Tuesday, November 16, 2010


I've often thought that having a single day to commemorate my entry into the world was sadly inadequate. Luckily, I seem to be finding opportunities to more fully celebrate this wondrous event throughout the month of November.

Last year, watching the ING New York Marathon became one of my all-time favorite activities, and this year it just happened to fall ON my birthday. My friend Zach, who was my spectating companion last year, held a pre-marathon brunch at his apartment. We ate and made signs and tracked the pro runners on my iPhone (the winner averaged a 4:53 mile, no big deal) and then headed over to 5th Avenue to watch.

We loved watching the masses and yelling out random people's names (many runners put their names on their clothing). Our signs were a hit--mine especially, for obvious reasons--with many runners giving us thumbs up our shouting things back at us. One guy came over and gave me a hug before running on. I also got to see my friend Reagan running (who had given me my birthday haircut a couple days earlier!) as well as Suzette, one of my friends from work. It was so much fun, and made me even more excited to run it next year.

I rounded out the day with a trip to my beloved Shake Shack with a couple of the ladies, after which we laid around watching random movies on TBS and feeling cozy. I also had calls from various family members and got to listen to several children shout the Happy Birthday song at me over the phone, which is always a win.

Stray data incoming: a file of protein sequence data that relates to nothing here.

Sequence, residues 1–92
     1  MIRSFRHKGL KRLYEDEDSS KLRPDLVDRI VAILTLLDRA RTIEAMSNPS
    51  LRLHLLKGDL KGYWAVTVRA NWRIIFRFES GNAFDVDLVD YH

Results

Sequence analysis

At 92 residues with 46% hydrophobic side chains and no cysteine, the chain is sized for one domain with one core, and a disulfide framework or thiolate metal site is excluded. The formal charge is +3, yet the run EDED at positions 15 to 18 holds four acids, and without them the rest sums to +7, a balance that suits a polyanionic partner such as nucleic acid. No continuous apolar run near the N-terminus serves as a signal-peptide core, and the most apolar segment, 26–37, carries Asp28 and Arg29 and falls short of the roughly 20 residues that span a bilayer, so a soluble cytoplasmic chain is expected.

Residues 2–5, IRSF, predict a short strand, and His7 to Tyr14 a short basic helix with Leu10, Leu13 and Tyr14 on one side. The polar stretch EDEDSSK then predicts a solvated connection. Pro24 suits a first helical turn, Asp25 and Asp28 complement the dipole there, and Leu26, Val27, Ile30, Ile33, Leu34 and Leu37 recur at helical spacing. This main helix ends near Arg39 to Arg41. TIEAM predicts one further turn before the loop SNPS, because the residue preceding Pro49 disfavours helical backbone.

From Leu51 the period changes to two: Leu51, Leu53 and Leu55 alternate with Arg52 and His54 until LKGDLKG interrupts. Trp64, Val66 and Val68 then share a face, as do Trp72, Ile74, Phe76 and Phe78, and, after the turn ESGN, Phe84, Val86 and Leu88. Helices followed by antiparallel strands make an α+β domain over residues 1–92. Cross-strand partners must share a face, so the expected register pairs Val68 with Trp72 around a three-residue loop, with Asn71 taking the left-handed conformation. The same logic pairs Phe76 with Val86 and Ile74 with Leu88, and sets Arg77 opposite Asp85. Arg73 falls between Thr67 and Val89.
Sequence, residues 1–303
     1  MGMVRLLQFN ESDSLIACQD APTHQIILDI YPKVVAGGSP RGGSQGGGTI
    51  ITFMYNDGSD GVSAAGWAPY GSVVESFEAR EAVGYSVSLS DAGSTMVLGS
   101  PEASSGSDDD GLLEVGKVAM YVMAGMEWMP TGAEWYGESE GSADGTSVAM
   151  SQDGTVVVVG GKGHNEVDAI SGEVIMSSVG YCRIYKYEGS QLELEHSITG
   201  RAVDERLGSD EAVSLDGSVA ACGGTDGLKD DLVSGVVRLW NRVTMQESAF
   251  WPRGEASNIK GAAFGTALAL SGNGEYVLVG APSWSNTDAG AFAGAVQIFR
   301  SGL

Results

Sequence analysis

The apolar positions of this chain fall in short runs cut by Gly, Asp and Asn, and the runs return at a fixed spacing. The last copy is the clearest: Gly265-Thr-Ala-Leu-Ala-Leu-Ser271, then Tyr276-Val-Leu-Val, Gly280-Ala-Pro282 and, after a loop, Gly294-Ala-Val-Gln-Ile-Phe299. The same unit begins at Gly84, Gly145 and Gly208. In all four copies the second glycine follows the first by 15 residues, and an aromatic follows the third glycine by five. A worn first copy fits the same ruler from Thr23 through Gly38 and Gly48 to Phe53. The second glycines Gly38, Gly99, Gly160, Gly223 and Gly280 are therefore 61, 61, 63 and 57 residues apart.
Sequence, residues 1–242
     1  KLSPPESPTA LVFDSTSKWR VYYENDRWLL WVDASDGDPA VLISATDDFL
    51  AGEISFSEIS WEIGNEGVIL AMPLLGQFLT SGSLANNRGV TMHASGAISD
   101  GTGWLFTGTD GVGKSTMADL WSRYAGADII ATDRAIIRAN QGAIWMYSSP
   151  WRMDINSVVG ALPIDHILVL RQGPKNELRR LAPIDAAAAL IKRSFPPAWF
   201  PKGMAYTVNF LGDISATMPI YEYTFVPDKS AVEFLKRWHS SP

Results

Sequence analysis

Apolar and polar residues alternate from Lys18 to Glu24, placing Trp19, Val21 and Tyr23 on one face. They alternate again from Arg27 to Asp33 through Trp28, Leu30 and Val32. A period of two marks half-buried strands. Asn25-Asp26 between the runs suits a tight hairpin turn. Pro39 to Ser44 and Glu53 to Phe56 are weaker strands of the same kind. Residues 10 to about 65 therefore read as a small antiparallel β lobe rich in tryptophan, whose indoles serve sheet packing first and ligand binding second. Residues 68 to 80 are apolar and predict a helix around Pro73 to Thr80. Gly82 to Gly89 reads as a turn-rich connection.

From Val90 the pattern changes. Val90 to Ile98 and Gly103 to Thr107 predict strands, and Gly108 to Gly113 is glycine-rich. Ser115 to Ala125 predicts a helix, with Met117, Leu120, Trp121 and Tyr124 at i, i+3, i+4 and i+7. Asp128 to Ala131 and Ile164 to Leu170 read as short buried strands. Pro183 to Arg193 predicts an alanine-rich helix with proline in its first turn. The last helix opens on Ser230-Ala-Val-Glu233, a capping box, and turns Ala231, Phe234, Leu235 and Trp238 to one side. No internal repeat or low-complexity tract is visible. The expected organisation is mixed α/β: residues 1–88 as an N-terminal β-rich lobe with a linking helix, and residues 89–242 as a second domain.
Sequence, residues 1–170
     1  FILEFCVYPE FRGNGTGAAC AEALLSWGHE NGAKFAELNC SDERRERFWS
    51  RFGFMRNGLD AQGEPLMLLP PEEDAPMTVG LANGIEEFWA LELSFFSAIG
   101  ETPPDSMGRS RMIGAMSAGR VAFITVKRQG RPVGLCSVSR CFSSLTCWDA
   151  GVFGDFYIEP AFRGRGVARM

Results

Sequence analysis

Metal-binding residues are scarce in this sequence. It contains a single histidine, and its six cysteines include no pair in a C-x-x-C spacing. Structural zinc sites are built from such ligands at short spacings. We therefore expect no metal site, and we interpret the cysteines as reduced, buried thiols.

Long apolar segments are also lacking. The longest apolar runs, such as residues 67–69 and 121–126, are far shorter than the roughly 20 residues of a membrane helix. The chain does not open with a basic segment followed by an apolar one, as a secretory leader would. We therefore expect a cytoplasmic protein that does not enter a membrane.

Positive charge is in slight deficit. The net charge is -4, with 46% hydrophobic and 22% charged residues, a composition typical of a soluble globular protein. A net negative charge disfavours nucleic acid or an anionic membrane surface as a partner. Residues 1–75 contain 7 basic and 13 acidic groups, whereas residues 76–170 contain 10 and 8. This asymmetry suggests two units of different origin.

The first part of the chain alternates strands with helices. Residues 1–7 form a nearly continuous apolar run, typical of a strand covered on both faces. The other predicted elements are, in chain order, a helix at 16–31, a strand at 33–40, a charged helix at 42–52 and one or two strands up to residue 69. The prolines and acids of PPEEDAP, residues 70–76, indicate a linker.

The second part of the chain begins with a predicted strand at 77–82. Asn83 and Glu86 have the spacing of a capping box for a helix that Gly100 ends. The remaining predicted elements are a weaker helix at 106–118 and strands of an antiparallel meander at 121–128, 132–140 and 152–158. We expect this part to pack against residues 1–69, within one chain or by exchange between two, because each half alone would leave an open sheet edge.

Last weekend was our now-traditional roommate joint birthday party, which this year added another friend with a November birthday. With our combined ages, it's a wonder we didn't burn the apartment down, but we managed to have a good time without having to invite the fire department.

To counteract all this aging, my two best friends in the world and I will be embarking upon the Greatest Vacation Of All Time (TM) this Thursday in Orlando. After that, Becca comes back with me to New York for a week of Broadway, delicious food, holiday lights, and the Macy's Thanksgiving Day Parade. My excitement levels are about on par with a 5-year-old on Christmas Eve, so it's good to know that even after 26 years I haven't become too much of an adult yet.

Saturday, November 13, 2010